Jamie Siddons was Bangladesh coach for over three and a half years, and in that time his most significant contribution was perhaps the way in which he changed the mindset of a side who had long been derided for their lack of batting acumen. Under him, Bangladesh's batting improved considerably, with players like Tamim Iqbal, Imrul Kayes, Junaid Siddique and Raqibul Hasan proving, at various times, that they have the gumption and the talent to build an innings.

It is instructive to consider the comments of former players. Chief selector Akram Khan has observed that the current team is far more professional than previous generations, and spinner Enamul Haque Jnr, who played the majority of his internationals under Siddons' predecessor Dav Whatmore, before being recalled in 2009, recently spoke of how Shakib Al Hasan's men are mentally stronger than their predecessors.

Siddons did not have it all his way. Bangladesh endured defeats to Ireland and Netherlands during his tenure, and also failed to reach 100 in one-dayers on four occasions. The most recent of those humiliations occurred on world cricket's biggest stage: in the 2011 World Cup, Siddons' team were first bundled out for 58 by West Indies and then dismissed by South Africa for 78 a few weeks later.

Siddons made his name as a batsman in the unforgiving terrain of Sheffield Shield cricket, and was renowned as a tough cricketer with high professional standards and steely resolve. His most enduring legacy will be the belief he instilled in his players, and the understanding that patience is a greater virtue in building an innings than sheer bravado.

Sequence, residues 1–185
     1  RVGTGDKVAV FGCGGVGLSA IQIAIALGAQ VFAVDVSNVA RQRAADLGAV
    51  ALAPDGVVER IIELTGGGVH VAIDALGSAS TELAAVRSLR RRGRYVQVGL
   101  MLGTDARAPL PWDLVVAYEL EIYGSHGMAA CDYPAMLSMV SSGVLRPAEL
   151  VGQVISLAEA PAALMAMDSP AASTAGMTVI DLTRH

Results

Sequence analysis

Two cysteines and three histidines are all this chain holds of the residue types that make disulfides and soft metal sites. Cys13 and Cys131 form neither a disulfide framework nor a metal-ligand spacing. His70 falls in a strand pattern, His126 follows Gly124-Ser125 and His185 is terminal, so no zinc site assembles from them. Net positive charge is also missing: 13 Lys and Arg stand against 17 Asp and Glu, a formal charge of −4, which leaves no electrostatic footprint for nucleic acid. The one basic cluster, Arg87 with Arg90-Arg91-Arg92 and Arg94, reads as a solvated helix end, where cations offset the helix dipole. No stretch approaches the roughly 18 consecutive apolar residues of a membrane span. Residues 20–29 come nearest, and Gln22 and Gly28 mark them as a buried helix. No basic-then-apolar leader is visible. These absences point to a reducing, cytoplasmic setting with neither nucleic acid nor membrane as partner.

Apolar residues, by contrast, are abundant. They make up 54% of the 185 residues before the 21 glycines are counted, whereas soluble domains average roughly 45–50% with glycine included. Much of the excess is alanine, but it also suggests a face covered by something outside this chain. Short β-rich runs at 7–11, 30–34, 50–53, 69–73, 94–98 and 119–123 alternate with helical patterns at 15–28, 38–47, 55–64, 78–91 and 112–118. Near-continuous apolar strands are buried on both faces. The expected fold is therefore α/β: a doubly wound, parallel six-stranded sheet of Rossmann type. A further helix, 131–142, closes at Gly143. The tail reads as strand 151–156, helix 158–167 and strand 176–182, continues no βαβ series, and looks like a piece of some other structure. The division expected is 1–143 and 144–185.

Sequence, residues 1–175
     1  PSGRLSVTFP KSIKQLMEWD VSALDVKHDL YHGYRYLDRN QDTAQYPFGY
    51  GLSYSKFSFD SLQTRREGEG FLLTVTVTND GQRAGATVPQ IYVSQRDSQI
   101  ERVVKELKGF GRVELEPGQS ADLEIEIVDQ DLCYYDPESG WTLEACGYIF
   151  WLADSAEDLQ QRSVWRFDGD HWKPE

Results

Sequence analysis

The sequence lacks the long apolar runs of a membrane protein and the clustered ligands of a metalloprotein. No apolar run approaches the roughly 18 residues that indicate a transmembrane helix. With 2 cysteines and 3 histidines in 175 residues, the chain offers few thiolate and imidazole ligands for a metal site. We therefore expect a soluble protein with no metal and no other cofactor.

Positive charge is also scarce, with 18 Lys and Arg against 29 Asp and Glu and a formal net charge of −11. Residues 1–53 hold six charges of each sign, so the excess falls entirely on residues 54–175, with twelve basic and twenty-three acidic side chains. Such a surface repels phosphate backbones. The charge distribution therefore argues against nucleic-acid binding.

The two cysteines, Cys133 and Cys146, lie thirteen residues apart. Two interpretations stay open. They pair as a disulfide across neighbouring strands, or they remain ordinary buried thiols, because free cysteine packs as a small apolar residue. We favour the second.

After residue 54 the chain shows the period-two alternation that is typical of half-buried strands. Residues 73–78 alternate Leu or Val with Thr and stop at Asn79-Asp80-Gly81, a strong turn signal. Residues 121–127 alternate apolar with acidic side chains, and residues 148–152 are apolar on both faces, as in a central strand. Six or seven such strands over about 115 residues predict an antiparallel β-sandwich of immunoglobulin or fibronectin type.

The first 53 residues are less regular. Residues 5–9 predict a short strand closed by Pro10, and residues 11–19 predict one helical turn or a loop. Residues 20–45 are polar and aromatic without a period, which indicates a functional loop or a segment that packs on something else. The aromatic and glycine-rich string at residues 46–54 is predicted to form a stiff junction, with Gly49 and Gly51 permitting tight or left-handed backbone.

Siddons also managed to convince the Bangladesh Cricket Board of the need for professionalism when developing a fledgling team, and during his term Bangladesh were able to boast, for the first time, a complete contingent of full-time coaches. Siddons' back-room staff comprised a bowling coach - Champaka Ramanayake and later Ian Pont - a strength and conditioning coach, Grant Luden; a fielding coach, Julien Fountain; and occasionally an assistant head coach - Shaun Williams, followed by Khaled Mahmud. For a time the team even benefitted from the services of a sports psychologist. With the notable exception of a spin-bowling specialist, Bangladesh under Siddons came the closest they have to a coaching unit structurally comparable to the ones the likes of India, England and Australia have.

The effect was clear. In addition to looking more at home on the international stage, Bangladesh improved in all three key disciplines during Siddons' tenure. In particular, promising strokemakers like Tamim developed some consistency, and inexperienced fast bowlers like Shafiul Islam and Rubel Hossain received the guidance needed to develop variation and nerve. If Bangladesh are to compete with the world's best, they need to at least speak the same language; under Siddons they began learning it.

Fast bowling
Bangladesh have always relied heavily on their spinners, and this did not change under Siddons. However, games are rarely won through spin alone, and despite the progress made by the likes of Shafiul and Rubel, Bangladesh urgently need to address their fast-bowling production line. During Siddons' tenure Bangladesh regularly fielded just two seamers in home conditions, allowing the bulk of overs to be delivered by a coterie of spinners (mostly of the left-arm persuasion). It was while on tour, in conditions that favoured seam, that the absence of good fast bowlers was most obvious.